The focus was very much on London this week, with Sotheby’s, Christie’s and Phillips holding the first contemporary art sales of the season. Sotheby’s Tuesday sale was solid if not spectacular, scoring £74.4m, in the middle of its target (pre-sale estimates don’t include premium; results do) and selling a trim 81.5 per cent by lot. However, the mood was low-key and pricier works on offer all went under estimate. Bacon’s “Three Studies for a Self Portrait” (1980) sold for £13.8m (est. up to £15m) to the German collector Jürgen Hall, who said he would lend it to a “major institution”. Two works by Richter, whose work has been bid to the skies recently, were unsold, and a large “Cloud” from 1976 went for £7.6m (est. £7m-£9m).
The real fireworks came the following night at Christie’s, when a fatter catalogue of 72 lots shattered its pre-sale high estimate of £77.2m to rack up a punchy £81.7m with all but seven lots finding buyers. The records piled up as well – it was the highest total for a February sale in London and set five new artist price highs, with auctioneer Jussi Pylkkänen orchestrating bids from 23 countries. While there was a smattering of Russian bidding the main thrust of buying came from Europe, as on the previous night. Three buyers chased Peter Doig’s “The Architect’s Home in the Ravine” (1991) to a record £7.7m, trouncing the previous high of £5.7m set in 2007. Basquiat’s “Museum Security (Broadway Meltdown)” (1983) – the work that figured in the now settled lawsuit between Lord Edward Spencer-Churchill, dealer Gerard Faggionato and the Mugrabis – made £9.3m, within its estimate. And there were 14 phone lines open for Yayoi Kusama’s colourful “Pumpkin” (1980), which made £505,250.
“What can I say? It was fantastic, the market feels very strong,” said art adviser Sandy Heller as he left the saleroom.
The auction houses’ catalogues this week contained more examples of the increasingly absurd comparisons between contemporary works of art and the greatest masters of art history. My favourite was at Sotheby’s, where Glenn Brown’s perfectly nice portrait “Little Death” (2000) was juxtaposed with Leonardo da Vinci’s “Mona Lisa”, presumably on the basis that both are portraits.
London dealers took advantage of the influx of international buyers for the auctions to put on some excellent shows. Pace’s Tyson exhibition showed that painting can be successfully reinvented, as did Mat Collishaw’s new show at Blain|Southern; Jim Shaw has returned to form at Simon Lee. But two real standouts are small, tightly curated exhibitions in Savile Row. Pilar Ordovas has tapped private collections for Bacon and Rodin in Dialogue. Bacon’s 1957 “Three Studies from the Human Body”, never before exhibited in the UK, along with a portrait and a “Lying Figure” from 1959, are contrasted with three Rodin bronzes of “Iris”, which Bacon is thought to have used as reference material for the paintings.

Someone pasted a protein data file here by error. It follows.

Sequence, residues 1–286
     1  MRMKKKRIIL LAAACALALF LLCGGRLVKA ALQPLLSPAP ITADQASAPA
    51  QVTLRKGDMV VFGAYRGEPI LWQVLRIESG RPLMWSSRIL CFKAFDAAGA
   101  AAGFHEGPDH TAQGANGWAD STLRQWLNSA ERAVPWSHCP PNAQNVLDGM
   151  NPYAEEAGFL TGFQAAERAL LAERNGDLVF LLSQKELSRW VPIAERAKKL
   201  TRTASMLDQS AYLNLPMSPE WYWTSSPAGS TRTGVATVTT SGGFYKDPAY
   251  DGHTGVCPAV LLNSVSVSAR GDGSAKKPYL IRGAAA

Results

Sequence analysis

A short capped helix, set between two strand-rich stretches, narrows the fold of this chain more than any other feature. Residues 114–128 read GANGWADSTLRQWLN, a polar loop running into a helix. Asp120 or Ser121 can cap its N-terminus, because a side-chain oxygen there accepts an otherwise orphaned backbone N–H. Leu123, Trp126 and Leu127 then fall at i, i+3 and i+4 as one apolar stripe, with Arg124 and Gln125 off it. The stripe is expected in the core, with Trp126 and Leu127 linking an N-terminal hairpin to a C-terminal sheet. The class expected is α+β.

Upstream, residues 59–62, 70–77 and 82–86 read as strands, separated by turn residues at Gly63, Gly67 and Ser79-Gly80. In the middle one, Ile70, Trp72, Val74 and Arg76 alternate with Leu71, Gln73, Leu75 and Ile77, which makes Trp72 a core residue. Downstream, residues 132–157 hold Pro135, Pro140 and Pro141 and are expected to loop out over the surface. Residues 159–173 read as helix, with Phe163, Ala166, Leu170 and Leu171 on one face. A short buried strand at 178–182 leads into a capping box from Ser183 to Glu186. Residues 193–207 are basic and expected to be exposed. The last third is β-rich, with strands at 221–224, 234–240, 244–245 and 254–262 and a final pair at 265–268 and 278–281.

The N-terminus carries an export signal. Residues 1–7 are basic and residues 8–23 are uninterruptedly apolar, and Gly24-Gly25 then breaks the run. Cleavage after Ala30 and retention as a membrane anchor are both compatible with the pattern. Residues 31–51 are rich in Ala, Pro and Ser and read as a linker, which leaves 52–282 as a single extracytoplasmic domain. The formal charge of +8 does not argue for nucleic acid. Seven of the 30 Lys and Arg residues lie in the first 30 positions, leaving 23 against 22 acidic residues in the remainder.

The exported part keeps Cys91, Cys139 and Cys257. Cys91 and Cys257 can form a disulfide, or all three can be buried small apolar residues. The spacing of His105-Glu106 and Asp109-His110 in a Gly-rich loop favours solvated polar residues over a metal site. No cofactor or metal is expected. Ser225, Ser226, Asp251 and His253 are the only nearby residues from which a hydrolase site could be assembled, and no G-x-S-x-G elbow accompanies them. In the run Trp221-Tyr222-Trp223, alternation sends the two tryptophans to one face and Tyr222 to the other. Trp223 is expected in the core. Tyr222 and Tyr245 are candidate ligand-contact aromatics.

As always, nothing in Ordovas’s show is for sale, but this is not the case for the other marvellous exhibition, at Luxembourg and Dayan just up the road. This features Michelangelo Pistoletto and includes just eight works dating from the 1960s and 1970s. The show opens with four panels from “The Cage” (1974), an oppressive series of mirrors printed with iron bars. Then there are “paintings” (painted tissue paper laid on mirrors) of protesters brandishing red flags – one lent by Christie’s owner François Pinault; an overturned chair with a mirrored base; and a more obviously Arte Povera work, a bicycle draped with rags – the same word in Italian, straccio, also referring to a social reject. Only three pieces are for sale, at prices between €240,000 and €1.2m.
A rediscovered “Caravaggio” worth a potential £50m is the subject of a court case between its previous owner and Sotheby’s, which sold the work in 2006 for £50,400. The painting, “The Cardsharps”, was described in the auction catalogue as a 17th-century copy of the famous work of the same subject by Caravaggio, now in the Kimbell museum in Texas. It was bought at Sotheby’s auction by the British art historian Sir Denis Mahon, who decided it was an early work by the Renaissance artist, rather than a “follower”, as the catalogue said.
Now the original owner, Lancelot Thwaytes, has gone to the High Court in London, claiming that Sotheby’s did not carry out “any (or any proper) research” and analysis into the picture, which would have established it was indeed by Caravaggio. Sotheby’s disagrees, and said in a statement: “Sotheby’s view that the painting is a copy and not an autograph work by Caravaggio is supported by the eminent Caravaggio scholar Professor Richard Spear, as well as by several other leading experts in the field.” It also said the market had given its verdict on the painting when “it set the price at £50,400 [at the auction].”
Sir Denis died at the age of 100 in 2011, leaving his art collection to museums in Britain, Italy and Ireland.
Georgina Adam is editor-at-large of The Art Newspaper